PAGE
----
I'm having issues to get the following trial setup to work. In essence the problem appears to be due to the routing in play here, but i would appreciate any insights into what am I doing wrong here.
(note: for reasons too long to explain I need the configuration to be based on classic crypto-maps + multiple peers, rather than VTIs and/or with HSRP):
R1, R2, and R3 are all connected onto the same LAN and IP subnet: 192.168.10.0/24
R1 and R3 are in effect a redundant IPSec tunnel mode Hub pair. R5 is an internet access gateway and R2 has a default route pointing to it.
I would like to set-up R2 to encrypt traffic to destinations in the hub, reachable via R1 (default) and R2 (backup). Let's say that these destinations are covered by 126.96.36.199/24.
My R2 config is:
interface GigabitEthernet2 ip address 192.168.10.2 255.255.255.0 negotiation auto crypto map hub1
crypto map hub1 20 ipsec-isakmp set peer 192.168.10.1 default set peer 192.168.10.3 set transform-set tset match address hub1
ip access-list extended hub1 permit ip 188.8.131.52 0.0.0.255 184.108.40.206 0.0.0.255
Now to get the traffic towards 220.127.116.11/24 to flow out of Gig2, I put a static route pointing at R1,
ip route 18.104.22.168 255.255.255.0 192.168.10.1
And this works nicely until R1 is simulated to fail (interface is shut).
After this event, I do see IPSec SA's timing out and a new SA established with 192.168.10.3 (R3). R3 even installs a reverse route for the network behind R2. Unfortunately however, I'm unable to get any traffic flowing.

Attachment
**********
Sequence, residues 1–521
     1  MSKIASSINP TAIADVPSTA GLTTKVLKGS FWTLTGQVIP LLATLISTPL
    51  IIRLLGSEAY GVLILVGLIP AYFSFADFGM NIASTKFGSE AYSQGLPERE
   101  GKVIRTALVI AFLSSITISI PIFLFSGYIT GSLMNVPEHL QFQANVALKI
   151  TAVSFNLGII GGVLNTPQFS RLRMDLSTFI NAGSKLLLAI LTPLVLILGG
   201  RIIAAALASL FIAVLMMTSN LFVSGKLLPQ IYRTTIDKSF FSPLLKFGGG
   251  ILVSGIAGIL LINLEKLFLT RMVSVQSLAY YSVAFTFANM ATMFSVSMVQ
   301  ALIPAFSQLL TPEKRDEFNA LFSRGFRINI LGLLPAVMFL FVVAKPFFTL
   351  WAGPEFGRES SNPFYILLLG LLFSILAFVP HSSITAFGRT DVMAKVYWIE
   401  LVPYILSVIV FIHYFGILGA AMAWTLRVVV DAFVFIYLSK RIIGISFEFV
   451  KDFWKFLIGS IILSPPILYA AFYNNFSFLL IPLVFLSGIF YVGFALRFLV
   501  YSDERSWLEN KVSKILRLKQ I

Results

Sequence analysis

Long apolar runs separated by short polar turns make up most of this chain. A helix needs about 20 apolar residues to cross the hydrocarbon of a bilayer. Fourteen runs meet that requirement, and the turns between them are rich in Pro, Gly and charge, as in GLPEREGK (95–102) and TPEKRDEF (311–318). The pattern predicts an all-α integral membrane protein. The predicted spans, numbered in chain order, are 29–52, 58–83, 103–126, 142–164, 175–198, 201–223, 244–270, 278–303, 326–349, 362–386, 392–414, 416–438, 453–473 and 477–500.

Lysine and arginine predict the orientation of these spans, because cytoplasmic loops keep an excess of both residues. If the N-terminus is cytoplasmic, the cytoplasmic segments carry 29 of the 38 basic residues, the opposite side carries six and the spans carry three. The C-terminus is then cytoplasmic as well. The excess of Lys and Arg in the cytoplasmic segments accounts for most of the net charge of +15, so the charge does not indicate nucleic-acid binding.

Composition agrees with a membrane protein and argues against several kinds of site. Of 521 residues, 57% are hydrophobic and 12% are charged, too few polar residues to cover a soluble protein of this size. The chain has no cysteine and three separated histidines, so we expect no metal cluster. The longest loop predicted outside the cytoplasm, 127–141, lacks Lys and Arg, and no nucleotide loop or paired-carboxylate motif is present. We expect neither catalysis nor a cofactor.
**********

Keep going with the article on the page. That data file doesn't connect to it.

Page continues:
R2#sh crypto isakmp sa IPv4 Crypto ISAKMP SA dst src state conn-id status 192.168.10.3 192.168.10.2 QM_IDLE 1005 ACTIVE
Debug crypto ipsec doesn't yield anything, so I suspect that the packets aren't even hitting the ipsec stage. The question is why? Is this type of directly connected IP sec peers not supported, or is this a bug? My assumption was that as long as the packet hit the right interface, the crypto-map would take care of things, and send the packet to R3. This does not appear to be happening though. Removing the static route to R1 and replacing it with one to R3 resolves matters, but that's not quite a solution (in the target deployment there cannot be a dynamic routing protocol between R2 and R1+R3.)
Here's a debug ip packet following ping from a local interface source.
R2#ping 22.214.171.124 source 126.96.36.199 repeat 1 Type escape sequence to abort. Sending 1, 100-byte ICMP Echos to 188.8.131.52, timeout is 2 seconds: Packet sent with a source address of 184.108.40.206
Have you considered using ip sla that tracks the statis of R1's physical interface and configure two static routes on R2 with the route pointing to R3 having a higher metric? Then the route to R3 should be placed into the routing table once R1 fails.
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Table of ContentsIntroductionVersion HistoryPossible Future
UpdatesDocuments PurposeNAT Operation in ASA 8.3+ SectionsRule Types
Network Object NATTwice NAT / Manual NATRule Types used per SectionNAT
Types used with Twice NAT / Manual NAT and Network Obje...
Table of Contents Introduction:This document describes details on how
NAT-T works. Background: ESP encrypts all critical information,
encapsulating the entire inner TCP/UDP datagram within an ESP header.
ESP is an IP protocol in the same sense that TCP an...